NORTHFIELD - The Greater Atlantic City Golf Association is tired of seeing golfers bypass their courses in favor of Myrtle Beach, S.C., and Ocean City, Md.

Armed with $250,000 from the Casino Reinvestment Development Authority and the support of the state, the newly reorganized GACGA is trying to turn South Jersey into a top-notch golf destination.

"The (GACGA) has a great product and they made that clear to us," CRDA executive director John Palmieri said Wednesday during a news conference at Atlantic City Country Club. "We have a great casino sector here, but we need to grow the non-casino sector. We're very excited."

Having a bigger and stronger organization will help the effort.

Several local golf courses previously considered the other properties as rivals. At one time, the GACGA featured only nine members and did not wield much clout in the golf industry. As the result of a reorganization meeting on May 10 There are now 18 courses in Atlantic, Cape May, Gloucest, Ocean and Salem counties, as well as Atlantic City Golf Vacations and

"It's true that the different courses do compete," said Blue Heron Pines owner Ron Jaworski, who was also named the GACGA's Ambassador of Golf on Wednesday. "We compete to be the very best we can. That being said, we have to have our arms around each other and work together to help grow the game and help make this the greatest golf community not only in the region, but in the country."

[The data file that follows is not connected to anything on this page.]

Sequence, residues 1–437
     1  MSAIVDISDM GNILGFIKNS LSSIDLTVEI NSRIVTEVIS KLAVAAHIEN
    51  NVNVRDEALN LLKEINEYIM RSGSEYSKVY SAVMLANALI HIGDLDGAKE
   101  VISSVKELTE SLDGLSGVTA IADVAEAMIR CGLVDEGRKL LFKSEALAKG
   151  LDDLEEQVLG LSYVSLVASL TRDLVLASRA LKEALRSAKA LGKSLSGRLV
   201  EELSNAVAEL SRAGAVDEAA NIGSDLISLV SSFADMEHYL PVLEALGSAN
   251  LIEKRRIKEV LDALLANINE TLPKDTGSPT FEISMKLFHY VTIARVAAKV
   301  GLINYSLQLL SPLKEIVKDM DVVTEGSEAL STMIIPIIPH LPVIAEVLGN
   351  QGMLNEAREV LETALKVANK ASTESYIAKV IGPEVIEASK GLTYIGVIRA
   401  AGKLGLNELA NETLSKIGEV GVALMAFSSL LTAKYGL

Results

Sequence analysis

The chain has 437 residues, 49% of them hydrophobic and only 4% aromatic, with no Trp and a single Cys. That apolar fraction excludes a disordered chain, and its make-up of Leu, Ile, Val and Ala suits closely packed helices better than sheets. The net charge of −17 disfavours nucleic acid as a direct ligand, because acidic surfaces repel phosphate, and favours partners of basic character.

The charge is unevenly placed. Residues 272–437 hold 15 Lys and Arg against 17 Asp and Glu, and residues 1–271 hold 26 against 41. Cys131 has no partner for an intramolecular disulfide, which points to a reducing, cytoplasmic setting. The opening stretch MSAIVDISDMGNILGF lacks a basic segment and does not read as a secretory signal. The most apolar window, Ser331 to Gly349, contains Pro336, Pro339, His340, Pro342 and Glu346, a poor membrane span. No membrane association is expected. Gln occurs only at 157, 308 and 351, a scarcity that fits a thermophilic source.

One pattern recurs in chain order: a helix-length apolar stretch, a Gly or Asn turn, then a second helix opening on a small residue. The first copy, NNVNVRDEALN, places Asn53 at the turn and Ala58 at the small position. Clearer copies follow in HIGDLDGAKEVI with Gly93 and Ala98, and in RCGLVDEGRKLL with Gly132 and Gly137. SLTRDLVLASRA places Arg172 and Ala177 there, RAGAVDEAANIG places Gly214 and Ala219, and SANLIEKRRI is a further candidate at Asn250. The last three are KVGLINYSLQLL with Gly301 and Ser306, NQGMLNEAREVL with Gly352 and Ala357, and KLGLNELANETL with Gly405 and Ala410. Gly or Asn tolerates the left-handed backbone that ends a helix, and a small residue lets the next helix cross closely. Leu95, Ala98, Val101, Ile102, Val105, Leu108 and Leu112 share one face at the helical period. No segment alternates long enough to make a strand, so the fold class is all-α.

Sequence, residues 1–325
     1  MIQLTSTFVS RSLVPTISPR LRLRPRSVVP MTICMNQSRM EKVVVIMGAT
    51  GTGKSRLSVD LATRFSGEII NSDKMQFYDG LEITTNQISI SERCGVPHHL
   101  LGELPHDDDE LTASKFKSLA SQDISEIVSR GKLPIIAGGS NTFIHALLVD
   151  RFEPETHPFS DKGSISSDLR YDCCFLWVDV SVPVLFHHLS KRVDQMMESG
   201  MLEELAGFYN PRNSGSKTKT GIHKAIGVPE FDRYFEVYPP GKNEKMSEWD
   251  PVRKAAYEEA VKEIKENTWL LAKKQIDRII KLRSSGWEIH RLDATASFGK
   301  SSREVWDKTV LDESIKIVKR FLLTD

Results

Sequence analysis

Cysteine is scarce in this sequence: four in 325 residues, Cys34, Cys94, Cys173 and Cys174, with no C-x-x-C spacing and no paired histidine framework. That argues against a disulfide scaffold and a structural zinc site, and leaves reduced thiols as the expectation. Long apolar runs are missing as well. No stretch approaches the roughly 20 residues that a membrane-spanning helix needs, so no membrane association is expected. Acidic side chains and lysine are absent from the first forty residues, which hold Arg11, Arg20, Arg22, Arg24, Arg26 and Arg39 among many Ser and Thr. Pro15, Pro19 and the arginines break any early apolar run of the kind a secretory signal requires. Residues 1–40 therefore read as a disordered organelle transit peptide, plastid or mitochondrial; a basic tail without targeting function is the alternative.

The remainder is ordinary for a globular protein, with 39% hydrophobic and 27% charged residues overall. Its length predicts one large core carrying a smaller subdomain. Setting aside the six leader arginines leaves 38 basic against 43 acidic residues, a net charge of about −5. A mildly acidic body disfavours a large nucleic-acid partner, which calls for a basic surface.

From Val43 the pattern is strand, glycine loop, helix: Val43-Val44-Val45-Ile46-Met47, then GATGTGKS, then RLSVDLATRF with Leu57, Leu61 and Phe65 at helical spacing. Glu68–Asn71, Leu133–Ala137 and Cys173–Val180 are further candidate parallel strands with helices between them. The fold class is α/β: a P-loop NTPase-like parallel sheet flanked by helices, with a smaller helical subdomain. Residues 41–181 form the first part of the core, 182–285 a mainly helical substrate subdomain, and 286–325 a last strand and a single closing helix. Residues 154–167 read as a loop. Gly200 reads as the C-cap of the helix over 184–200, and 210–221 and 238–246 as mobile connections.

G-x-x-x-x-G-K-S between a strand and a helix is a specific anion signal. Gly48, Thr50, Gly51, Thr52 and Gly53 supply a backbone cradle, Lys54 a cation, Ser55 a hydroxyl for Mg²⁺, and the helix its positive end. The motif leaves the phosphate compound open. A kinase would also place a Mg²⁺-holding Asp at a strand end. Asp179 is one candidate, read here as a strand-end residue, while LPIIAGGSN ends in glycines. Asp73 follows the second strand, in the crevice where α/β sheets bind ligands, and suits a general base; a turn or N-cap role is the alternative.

The first step is to promote the area's golf courses so that they prevent golfers and vacationers from taking trips to places like Myrtle Beach and Ocean City, Md.  

The GACGA will use the CRDA's $250,000 to develop a marketing campaign that touts its courses, as well as the restaurants, hotels, casinos and other amenities that distinguish the Atlantic City area from some other vacation destinations.

Sullivan, who is general manager of McCullough's Emerald Links in Egg Harbor Township, said displays have already been placed at Atlantic City International and Ocean City, Md., airports and there are billboards in Myrtle Beach.

"We've actually had people from North Jersey and New York coming to our airport (Atlantic City International Airport in Egg Harbor Township) to fly to another golf destination," GACGA president Tom Sullivan said. "We want those people to look at Atlantic City as a premier golf destination.

"Ocean City, Maryland has 17 courses and we have 18. Combine that with our beaches, boardwalks, restaurants and casinos and we feel like we have much more to offer than Ocean City and Myrtle Beach."